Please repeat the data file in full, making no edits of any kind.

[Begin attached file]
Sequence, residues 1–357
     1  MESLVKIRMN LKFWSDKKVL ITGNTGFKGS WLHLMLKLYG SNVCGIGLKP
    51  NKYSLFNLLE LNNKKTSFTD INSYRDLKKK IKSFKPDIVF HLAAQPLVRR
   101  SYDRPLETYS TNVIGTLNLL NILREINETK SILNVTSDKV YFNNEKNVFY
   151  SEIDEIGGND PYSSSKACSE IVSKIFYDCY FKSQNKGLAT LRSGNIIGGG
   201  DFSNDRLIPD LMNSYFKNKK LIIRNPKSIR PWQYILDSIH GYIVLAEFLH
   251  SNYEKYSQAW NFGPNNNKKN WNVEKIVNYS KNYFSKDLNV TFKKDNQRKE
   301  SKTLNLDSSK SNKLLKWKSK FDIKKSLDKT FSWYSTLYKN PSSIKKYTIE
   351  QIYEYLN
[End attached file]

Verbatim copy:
Sequence, residues 1–357
     1  MESLVKIRMN LKFWSDKKVL ITGNTGFKGS WLHLMLKLYG SNVCGIGLKP
    51  NKYSLFNLLE LNNKKTSFTD INSYRDLKKK IKSFKPDIVF HLAAQPLVRR
   101  SYDRPLETYS TNVIGTLNLL NILREINETK SILNVTSDKV YFNNEKNVFY
   151  SEIDEIGGND PYSSSKACSE IVSKIFYDCY FKSQNKGLAT LRSGNIIGGG
   201  DFSNDRLIPD LMNSYFKNKK LIIRNPKSIR PWQYILDSIH GYIVLAEFLH
   251  SNYEKYSQAW NFGPNNNKKN WNVEKIVNYS KNYFSKDLNV TFKKDNQRKE
   301  SKTLNLDSSK SNKLLKWKSK FDIKKSLDKT FSWYSTLYKN PSSIKKYTIE
   351  QIYEYLN